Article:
We have all heard the stories, quotes, sermons, and general warnings regarding the struggle of the caterpillar. The theme, of course, is that the struggle is necessary; metamorphosis is difficult; and (as the sign in my office states) just when the caterpillar thought the world was over, it became a butterfly. I will only speak for myself, although I imagine that I am not alone, when I say that these themes established a belief that if I am feeling earthbound, if I am struggling, if life seems difficult, or if it feels like my world is ending, then I am still in my caterpillar stage. Moreover, it means that I have not yet graduated to the perfection and bliss of the butterfly. After all, butterflies evoke feelings of joy, lightheartedness, freedom, rebirth, and a carefree lifestyle. Certainly, once you have suffered through metamorphosis and escaped your caterpillar stage of life, you will not have a care in the world. Right? WRONG!
I have experienced struggles over the past two years that I would not wish on my worst enemy. I am not yet in a place where I am willing to write about the specifics, but it is sufficient to say that every aspect of my life came under attack. At the age of 49, I wondered why I was still a caterpillar and how long I would have to wait to become a butterfly. I longed to feel free and be able to rise above this temporal existence. I wondered when I would finally “arrive” and how long it would take before I felt like I was living the life for which I was born.
This past June, I was walking outside when I noticed two yellow butterflies flitting around the flowers. I was unfamiliar with their particular species, but they were clearly the same type as each other. However, I could not help but notice that one was flying differently than the other one. It was difficult to pinpoint what the difference was because of their speed. Upon closer examination, I realized that one of the butterflies was not completely intact – for want of a better word, the butterfly was broken. It appeared that part of at least one wing was missing, but it was difficult to clearly see due to the butterfly’s speed. I observed this broken butterfly happily flitting around all of the flowers, seemingly without a care in the world. This broken butterfly was beautiful. This broken butterfly was doing what butterflies do. This broken butterfly, with a slightly altered flight pattern, was not missing a beat in its happy life. I was fascinated.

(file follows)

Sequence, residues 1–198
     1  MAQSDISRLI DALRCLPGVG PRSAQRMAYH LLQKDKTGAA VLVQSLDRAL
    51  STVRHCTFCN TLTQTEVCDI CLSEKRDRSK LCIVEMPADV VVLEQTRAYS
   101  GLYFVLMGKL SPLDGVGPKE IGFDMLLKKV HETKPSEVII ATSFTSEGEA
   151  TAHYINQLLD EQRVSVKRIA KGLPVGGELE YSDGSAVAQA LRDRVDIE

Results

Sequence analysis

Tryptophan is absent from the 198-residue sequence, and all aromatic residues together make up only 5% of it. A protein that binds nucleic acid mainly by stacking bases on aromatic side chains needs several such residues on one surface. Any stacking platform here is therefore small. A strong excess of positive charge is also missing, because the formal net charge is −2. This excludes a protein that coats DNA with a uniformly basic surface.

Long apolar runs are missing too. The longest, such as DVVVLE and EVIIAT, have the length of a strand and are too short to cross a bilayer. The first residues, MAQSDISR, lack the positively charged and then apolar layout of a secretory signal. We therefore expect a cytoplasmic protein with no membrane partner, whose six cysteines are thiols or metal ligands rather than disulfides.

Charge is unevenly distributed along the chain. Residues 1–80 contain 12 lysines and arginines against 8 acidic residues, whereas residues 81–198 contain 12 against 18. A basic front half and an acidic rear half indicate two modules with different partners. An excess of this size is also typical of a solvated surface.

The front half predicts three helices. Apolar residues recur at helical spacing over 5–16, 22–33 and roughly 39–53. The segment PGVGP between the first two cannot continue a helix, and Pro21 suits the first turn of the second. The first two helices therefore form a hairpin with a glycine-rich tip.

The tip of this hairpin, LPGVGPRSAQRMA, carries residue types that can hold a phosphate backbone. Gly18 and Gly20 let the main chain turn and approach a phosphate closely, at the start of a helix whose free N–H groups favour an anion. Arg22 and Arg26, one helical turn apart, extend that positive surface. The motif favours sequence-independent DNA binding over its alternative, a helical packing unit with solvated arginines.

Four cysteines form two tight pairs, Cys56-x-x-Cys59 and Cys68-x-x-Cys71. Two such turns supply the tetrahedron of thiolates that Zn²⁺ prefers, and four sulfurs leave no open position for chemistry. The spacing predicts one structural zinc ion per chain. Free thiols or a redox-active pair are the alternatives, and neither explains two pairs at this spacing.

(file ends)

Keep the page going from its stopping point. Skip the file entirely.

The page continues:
Two days later, I arrived home and noticed two beautiful yellow butterflies dancing around the flowers. I wondered if it could possibly be the same pair, so I looked closely and there it was…the same altered flight pattern. Both of them were landing this time, so I was able to get a closer look. It became clear to me that the broken butterfly had survived a predator’s attack. The bottom portion of both wings had been torn. It appeared that something had literally taken a bite out of this beautiful creature. My money is on my neighbor’s cat. I envisioned that moment. After the drudgery of being a caterpillar and the struggle of metamorphosis, the butterfly finally emerged and was flitting around some flowers when suddenly…SNAP!!! The butterfly was earthbound, it was struggling, and it seemed as if its world was ending! However, my broken friend did not give up or wait for another metamorphosis. My broken friend did not wonder if it would ever be a butterfly. My broken friend did not let its world end. Instead, my broken friend moved on and it did what butterflies do…with a slight alteration in its flight pattern.
At that moment, it struck me. I am a broken butterfly. My flight pattern has been altered. The world now views me differently than it views my peers. I carry the scars of my past. However, I AM A BUTTERFLY! I soar above the mundane, and I flit! I am neither waiting for a metamorphosis nor wondering when I will “arrive” because: I AM HERE. I may be broken, but I am not destroyed. My life does not look the way that I expected it would, but it is still beautiful. Better yet, it is completely unique. Although I am not sure what the future will bring, I plan to flit through it with joy and freedom because that is what we butterflies do. I may appear broken, but I recently edited a blog for a client, and I prefer her language: I have unbecome myself, and I am unbroken. https://www.albany.com/albany-on-the-spectrum/2019/01/unbroken/
Note: The photo above is a picture of the actual broken butterfly. At first glance, you may not notice the damage because of the flowers, but if you look closely and compare it to the photo below, of an intact Tiger Swallowtail, it will become clearer.